queer and feminist science studies; transpacific Asian/American studies; performance studies; science and speculative fiction; queer of color critique; posthumanism and new materialisms; militarism and settler colonialism in Asia and the Pacific
My larger dissertation project examines how U.S. scientific knowledge production in the Cold War era organized the racial logics of the Vietnam War in Asia and the Pacific. Deploying posthumanist and speculative reading practices towards different aesthetic, artistic, and literary forms as well as historical and scientific documents, I explore how science—as both an ideological construct but also a material production of weaponry and technology—shifts how we understand U.S. militarism and settler colonialism in shaping the rationality through which we come to understand ideas of liberal personhood and the nation-state. By exploring the Vietnam War as the nexus of both Cold War ideological conflicts as well as material, “on the ground” military conflicts, I am interested in the constitution of militarization in sites other than the battleground—the laboratory, human and nonhuman ecologies, and the university—to demonstrate that the ongoing attention to spectacular sites of war often elides militarism’s more insidious entanglements with institutions of scientific knowledge production.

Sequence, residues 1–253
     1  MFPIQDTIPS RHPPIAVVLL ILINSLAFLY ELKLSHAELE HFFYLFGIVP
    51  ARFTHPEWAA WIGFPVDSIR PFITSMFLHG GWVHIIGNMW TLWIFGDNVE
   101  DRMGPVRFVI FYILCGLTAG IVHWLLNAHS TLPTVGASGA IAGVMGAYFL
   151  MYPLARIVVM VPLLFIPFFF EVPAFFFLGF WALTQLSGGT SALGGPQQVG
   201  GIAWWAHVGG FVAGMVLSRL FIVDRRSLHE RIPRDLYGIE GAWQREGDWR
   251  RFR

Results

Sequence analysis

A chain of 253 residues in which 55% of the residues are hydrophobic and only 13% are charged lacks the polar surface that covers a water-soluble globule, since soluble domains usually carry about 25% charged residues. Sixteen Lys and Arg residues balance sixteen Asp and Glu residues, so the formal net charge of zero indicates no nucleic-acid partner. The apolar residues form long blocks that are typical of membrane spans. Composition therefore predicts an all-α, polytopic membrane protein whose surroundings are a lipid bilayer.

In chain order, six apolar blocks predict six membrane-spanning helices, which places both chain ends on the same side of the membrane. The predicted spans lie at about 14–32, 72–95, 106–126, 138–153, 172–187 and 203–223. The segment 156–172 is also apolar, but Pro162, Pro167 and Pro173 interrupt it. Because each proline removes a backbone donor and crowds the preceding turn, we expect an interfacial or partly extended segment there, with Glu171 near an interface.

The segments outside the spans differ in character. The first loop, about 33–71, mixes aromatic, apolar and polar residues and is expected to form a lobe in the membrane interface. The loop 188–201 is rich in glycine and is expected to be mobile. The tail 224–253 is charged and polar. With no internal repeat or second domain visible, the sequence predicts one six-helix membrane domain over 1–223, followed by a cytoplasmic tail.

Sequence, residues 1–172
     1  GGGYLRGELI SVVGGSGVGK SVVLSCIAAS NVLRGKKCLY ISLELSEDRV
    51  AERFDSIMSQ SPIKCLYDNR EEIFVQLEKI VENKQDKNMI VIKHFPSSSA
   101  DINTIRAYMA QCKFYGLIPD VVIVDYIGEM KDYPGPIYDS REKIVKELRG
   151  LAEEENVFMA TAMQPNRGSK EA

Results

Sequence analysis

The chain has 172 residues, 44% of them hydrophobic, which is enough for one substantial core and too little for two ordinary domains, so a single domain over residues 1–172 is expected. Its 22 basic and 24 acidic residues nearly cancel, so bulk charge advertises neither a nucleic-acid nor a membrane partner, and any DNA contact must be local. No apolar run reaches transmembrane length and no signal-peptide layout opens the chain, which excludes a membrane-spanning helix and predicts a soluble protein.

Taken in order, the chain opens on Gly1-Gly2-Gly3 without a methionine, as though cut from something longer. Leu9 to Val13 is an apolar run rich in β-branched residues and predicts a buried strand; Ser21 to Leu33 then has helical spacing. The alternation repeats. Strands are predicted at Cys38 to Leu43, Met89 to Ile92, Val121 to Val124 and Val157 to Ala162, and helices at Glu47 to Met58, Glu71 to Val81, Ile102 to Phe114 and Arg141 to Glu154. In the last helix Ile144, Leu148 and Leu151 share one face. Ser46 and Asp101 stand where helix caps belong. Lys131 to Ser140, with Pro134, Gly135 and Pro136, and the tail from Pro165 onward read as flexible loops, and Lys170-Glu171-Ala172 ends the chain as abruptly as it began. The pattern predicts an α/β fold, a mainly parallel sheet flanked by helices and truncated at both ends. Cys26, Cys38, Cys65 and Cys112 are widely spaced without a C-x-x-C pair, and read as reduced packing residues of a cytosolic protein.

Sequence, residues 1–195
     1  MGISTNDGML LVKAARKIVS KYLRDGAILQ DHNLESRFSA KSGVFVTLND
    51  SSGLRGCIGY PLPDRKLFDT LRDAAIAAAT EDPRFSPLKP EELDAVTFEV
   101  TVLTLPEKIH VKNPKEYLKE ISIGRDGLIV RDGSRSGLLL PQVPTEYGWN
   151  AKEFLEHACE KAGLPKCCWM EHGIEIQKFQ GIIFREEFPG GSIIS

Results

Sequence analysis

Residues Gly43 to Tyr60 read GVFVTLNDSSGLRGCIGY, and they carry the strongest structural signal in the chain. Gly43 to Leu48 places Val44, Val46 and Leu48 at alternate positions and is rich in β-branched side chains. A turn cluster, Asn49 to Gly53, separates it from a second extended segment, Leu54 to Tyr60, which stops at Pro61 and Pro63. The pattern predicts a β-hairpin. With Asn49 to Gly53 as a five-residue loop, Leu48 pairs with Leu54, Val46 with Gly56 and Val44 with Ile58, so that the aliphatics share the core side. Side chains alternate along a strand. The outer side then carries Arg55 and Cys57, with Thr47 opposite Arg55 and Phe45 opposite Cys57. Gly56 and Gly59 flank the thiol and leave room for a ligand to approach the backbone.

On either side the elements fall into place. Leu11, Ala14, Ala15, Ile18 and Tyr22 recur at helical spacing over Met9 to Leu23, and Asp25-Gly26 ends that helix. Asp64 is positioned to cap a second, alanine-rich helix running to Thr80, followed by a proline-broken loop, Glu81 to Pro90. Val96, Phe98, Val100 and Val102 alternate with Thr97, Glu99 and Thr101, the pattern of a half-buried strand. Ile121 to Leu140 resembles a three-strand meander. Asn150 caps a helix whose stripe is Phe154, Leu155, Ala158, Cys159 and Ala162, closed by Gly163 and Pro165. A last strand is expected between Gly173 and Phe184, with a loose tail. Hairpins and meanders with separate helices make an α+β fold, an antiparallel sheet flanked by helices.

Photo by Vinh Bui